How much electricity do solar panels generate?
First of all, calculating the electricity the panels themselves produce is relatively simple. Broadly speaking, it means taking into account the maximum capacity of the panels alongside the amount of solar irradiation that hits them (dependent on latitude, weather, angle of roof etc).
In Brighton, assuming normal amounts of sunshine, a 3.5kW solar PV system (14 x 250W panels) would produce around 3,000 kWh p/a – over two-thirds the average annual electrical consumption of a British household (4,266 kWh according to the Government)
Of course in reality much of the electricity produced by a household’s solar panels will not actually be used by that household. On dark winter evenings electricity must still come from the national grid, and on summer afternoons the excess we don’t use will still be exported back into the grid.
How much CO2 is saved by displacing electricity from the National Grid?
A simple initial calculation of carbon savings from solar panels involves the assumption that all of a household’s solar electricity directly displaces ‘grid’ electricity produced by large commercial power stations. The question, then, is what quantity of CO2 emissions are saved because these power stations are producing 3,000 kWh less every year?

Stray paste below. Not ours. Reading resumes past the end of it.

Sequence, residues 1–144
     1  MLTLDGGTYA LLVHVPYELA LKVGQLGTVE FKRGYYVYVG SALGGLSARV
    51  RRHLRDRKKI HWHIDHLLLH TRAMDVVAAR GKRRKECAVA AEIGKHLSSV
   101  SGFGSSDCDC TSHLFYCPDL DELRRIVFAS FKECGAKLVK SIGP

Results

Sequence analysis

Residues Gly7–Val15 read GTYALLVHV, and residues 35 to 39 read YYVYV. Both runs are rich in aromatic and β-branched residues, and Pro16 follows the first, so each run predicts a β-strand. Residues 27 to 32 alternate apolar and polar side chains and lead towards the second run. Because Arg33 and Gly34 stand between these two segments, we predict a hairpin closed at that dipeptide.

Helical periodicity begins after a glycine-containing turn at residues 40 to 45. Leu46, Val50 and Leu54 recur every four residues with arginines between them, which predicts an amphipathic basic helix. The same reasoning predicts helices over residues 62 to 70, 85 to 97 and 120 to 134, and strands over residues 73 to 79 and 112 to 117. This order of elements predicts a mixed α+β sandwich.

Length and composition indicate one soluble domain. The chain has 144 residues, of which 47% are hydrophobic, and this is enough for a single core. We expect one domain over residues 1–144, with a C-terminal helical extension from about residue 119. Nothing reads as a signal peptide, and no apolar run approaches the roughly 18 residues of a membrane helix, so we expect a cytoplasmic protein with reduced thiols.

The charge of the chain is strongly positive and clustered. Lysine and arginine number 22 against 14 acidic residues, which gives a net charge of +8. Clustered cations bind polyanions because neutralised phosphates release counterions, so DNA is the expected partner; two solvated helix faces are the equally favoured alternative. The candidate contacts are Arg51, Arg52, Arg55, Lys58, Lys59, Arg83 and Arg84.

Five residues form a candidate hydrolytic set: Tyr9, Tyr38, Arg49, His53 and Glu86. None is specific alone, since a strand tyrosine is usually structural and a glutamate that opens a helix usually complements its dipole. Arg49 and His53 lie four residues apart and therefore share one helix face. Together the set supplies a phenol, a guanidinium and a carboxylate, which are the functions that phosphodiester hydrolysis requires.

The standard way of calculating this is by using the ‘average grid carbon intensity’ – the average amount of CO2 emitted for each kWh of electricity produced for the grid – estimated at 445g CO2 in 2013. This figure irons out some big differences between coal power which emits a lot more carbon, and nuclear power which emits a lot less.
A more conservative approach, however, is to assume that solar power displaces the most common form of relatively efficient gas power plants commonly used to ‘top-up’ supply to ensure demand is met at any given time. National Grid PLC have recently estimated these ‘CCGT’ plants currently emit 392g CO2 / kWh.